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History, Guilt and Habit 2nd Edition

3.4 out of 5 stars 5 customer reviews
ISBN-13: 978-1597311083
ISBN-10: 1597311081
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Editorial Reviews

About the Author

Owen Barfield (1898 1997), the British philosopher and critic, has been called the First and Last Inkling, because of his influence and enduring role in the group known as the Oxford Inklings. The Inklings included C.S. Lewis, J.R.R. Tolkien, and Charles Williams. It was Barfield who first advanced the ideas about language, myth, and belief that became identified with the thinking and art of the Inklings. He is the author of numerous books, including "Poetic Diction: A Study in Meaning; Romanticism Comes of Age; Unancestoral Voice; History in English Words;" and "Worlds Apart: A Dialogue of the 1960s." His history of the evolution of human consciousness, "Saving the Appearances: A Study in Idolatry, " achieved a place in the list of the 100 Best Spiritual Books of the Century. --This text refers to an alternate Paperback edition.
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Product Details

  • Paperback: 128 pages
  • Publisher: The Barfield Press; 2 edition (October 30, 2006)
  • Language: English
  • ISBN-10: 1597311081
  • ISBN-13: 978-1597311083
  • Product Dimensions: 5.5 x 0.3 x 8.5 inches
  • Shipping Weight: 5.6 ounces
  • Average Customer Review: 3.4 out of 5 stars  See all reviews (5 customer reviews)
  • Amazon Best Sellers Rank: #5,528,676 in Books (See Top 100 in Books)

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Format: Paperback Verified Purchase
A book of Christian anthropology from a British philosopher of the early 20th century. Barfield was an original thinker and intelligent person, but his theories skew abstract and sometimes appear to prefigure New Age trends. Not my cup of tea, but some might enjoy it, particularly fans of this author.
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Format: Hardcover Verified Purchase
This short collection of only three essay, speeches rather, from the venerable Owen Barfield is a mediocre example of the works he produced. The introduction states that many of the ideas he produced here are expansions to his previous essays and books, and having read them I concur.

This book is worth picking up to freshen up ideas of consciousness and language relations, certainly not for setting a foundation for which I would suggest Poetic Diction, hands down.

The real gem in this collection, though, is the final chapter about creating new habits and society given understanding played out in the two previous chapters. An encouraging word for those who wish to proceed with an enlightened life.
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Format: Paperback Verified Purchase
I've used this book for several years in history courses to introduce Barfield's ideas. As a later, condensed version of his thinking, it pays off big. Yes, if you're taken with these ideas, you should read Poetic Diction and my favorite, Saving the Appearances. But History, Guilt & Habit summarizes important ideas in clear and direct language, without the strangeness of "alpha thinking" and other Barfieldian terms that pepper some of his other works. Because the chapters in this book were transcribed from lectures, it has a direct and conversational tone that makes it accessible in a way that longer works may not be. As an introduction to Barfield's thinking, this is as good as it gets.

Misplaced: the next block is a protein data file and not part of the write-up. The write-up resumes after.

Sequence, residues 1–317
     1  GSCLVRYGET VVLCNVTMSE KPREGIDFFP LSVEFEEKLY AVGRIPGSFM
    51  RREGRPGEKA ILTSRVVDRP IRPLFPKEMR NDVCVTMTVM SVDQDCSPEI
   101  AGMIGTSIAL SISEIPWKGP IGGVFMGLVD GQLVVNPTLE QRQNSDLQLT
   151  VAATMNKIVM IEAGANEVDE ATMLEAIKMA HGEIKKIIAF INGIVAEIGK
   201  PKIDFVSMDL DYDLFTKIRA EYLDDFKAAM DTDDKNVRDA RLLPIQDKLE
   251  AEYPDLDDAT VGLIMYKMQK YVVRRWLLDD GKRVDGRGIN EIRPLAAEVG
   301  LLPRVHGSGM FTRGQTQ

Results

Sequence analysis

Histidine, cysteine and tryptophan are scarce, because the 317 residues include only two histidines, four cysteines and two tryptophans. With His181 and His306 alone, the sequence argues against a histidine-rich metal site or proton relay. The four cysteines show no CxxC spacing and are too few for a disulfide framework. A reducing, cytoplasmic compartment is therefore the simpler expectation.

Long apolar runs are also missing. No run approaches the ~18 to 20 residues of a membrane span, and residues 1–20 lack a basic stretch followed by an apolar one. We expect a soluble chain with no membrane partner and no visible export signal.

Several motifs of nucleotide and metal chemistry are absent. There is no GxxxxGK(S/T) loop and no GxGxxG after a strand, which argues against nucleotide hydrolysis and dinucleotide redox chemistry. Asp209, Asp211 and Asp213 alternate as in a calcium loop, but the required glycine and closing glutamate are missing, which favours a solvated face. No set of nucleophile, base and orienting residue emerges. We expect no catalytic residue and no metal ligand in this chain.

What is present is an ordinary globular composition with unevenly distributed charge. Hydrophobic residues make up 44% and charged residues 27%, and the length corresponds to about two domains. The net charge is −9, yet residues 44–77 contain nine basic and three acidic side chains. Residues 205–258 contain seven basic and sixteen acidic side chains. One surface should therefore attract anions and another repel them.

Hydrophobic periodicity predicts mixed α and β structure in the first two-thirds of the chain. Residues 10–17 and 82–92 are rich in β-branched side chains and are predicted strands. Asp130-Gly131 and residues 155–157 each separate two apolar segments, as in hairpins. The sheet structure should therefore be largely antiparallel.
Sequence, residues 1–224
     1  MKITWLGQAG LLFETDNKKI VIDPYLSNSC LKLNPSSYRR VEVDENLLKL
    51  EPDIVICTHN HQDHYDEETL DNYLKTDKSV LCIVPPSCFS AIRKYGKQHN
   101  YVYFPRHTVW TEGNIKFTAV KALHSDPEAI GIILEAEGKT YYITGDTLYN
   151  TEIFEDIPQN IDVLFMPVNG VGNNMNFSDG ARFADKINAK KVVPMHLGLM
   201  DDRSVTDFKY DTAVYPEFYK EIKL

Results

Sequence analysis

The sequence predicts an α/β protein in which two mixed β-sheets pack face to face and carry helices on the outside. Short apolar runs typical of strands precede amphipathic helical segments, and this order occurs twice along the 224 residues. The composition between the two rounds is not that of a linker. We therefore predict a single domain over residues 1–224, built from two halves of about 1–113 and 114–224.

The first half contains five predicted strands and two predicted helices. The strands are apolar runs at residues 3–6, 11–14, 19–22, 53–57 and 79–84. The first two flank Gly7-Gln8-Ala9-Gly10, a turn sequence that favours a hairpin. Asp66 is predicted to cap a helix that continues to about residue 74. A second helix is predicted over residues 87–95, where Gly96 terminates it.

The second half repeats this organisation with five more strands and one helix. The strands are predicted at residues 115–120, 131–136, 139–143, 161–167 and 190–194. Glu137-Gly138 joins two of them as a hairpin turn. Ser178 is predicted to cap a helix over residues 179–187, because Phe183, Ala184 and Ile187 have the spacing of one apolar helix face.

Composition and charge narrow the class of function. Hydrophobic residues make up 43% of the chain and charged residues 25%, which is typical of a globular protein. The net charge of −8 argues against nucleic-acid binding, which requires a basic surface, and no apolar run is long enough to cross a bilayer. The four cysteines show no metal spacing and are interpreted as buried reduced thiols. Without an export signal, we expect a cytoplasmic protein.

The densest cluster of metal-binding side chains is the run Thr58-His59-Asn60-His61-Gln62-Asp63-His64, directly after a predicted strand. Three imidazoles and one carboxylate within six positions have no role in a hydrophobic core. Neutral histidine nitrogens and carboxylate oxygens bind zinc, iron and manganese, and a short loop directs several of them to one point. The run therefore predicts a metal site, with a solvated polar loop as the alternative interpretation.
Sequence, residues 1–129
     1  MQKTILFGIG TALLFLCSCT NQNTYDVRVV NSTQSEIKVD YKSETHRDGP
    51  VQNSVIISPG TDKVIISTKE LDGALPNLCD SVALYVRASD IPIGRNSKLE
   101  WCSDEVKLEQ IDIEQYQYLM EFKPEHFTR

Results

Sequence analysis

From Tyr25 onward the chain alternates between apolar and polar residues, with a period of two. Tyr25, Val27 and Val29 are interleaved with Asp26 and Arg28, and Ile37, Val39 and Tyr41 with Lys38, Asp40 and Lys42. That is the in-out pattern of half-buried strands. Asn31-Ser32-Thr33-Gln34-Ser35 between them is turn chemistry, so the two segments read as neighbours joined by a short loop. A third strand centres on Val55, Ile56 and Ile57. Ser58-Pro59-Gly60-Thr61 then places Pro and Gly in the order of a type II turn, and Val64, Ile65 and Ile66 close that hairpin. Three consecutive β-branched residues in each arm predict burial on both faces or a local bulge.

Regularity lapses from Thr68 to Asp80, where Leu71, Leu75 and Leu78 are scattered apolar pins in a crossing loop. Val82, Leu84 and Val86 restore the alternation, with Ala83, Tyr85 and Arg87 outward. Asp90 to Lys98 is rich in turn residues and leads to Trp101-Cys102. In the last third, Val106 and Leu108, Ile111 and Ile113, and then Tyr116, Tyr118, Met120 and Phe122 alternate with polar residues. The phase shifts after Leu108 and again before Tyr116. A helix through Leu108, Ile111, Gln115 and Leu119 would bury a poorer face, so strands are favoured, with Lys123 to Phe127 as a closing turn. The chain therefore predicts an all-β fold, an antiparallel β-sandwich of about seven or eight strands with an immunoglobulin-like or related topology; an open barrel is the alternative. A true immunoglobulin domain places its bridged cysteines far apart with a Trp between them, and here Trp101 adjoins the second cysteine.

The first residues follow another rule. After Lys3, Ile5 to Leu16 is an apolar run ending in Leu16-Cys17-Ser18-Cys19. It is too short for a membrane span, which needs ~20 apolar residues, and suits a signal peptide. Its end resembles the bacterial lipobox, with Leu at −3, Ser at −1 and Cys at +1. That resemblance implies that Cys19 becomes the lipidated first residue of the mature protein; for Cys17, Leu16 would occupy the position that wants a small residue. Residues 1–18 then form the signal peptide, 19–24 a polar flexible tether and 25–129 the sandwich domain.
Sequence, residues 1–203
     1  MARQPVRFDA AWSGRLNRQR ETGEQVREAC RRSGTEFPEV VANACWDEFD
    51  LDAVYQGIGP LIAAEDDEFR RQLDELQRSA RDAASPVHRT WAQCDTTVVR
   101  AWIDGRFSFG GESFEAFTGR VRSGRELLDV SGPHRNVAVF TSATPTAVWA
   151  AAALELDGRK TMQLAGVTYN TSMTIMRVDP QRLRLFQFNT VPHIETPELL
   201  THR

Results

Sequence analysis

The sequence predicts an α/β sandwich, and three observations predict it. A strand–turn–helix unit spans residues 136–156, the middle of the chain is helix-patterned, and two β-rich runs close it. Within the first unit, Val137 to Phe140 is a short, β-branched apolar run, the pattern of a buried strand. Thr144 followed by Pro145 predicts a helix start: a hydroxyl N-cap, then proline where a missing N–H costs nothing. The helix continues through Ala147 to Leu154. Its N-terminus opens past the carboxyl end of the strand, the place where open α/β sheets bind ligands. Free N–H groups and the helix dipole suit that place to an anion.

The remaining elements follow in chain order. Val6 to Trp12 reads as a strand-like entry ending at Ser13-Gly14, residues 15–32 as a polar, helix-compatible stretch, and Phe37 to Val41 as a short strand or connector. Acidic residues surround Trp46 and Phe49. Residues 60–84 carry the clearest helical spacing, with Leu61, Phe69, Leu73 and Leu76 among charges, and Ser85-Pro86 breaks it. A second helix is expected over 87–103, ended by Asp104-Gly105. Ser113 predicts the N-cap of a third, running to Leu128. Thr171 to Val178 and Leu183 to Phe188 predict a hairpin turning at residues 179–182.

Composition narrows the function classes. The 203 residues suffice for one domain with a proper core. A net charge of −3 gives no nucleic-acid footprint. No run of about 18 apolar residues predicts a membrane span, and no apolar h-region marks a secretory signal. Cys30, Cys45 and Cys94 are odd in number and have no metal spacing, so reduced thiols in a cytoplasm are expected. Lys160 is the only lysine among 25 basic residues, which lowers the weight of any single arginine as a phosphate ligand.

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Format: Paperback
"History, Guilt and Habit" contains four short essays by Owen Barfield, a British supporter of Rudolf Steiner's Anthroposophy often regarded as an interesting philosopher in his own right. Barfield is otherwise most known for being a friend of C.S. Lewis and Tolkien. Three of the essays are based on lectures held in Vancouver, the fourth on a lecture in California. As usual, Barfield talks about the evolution of consciousness, the development of language and the inability of materialism to explain these things. Not bad, but only a teaser trailer!

Those seriously interested in Barfield can't stop here, but most continue with "Saving the Appearences", "The Rediscovery of Meaning" and "Poetic Diction". Personally, I find Barfield hard to follow and even harder to swallow (his mentor Steiner is even worse!), but he *is* interesting. For a relatively readable introduction to Barfield, see "Romantic Religion" by R.J. Reilly.

Since "History, Guilt and Habit" might perhaps work as a sneak peak, I will give it three stars, but as I said, you can't really stop here...
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Format: Paperback
This book - rather, booklet(less than 100 pages with big print and wide margins) - adds little to what can be gleaned from Barfield's major works.
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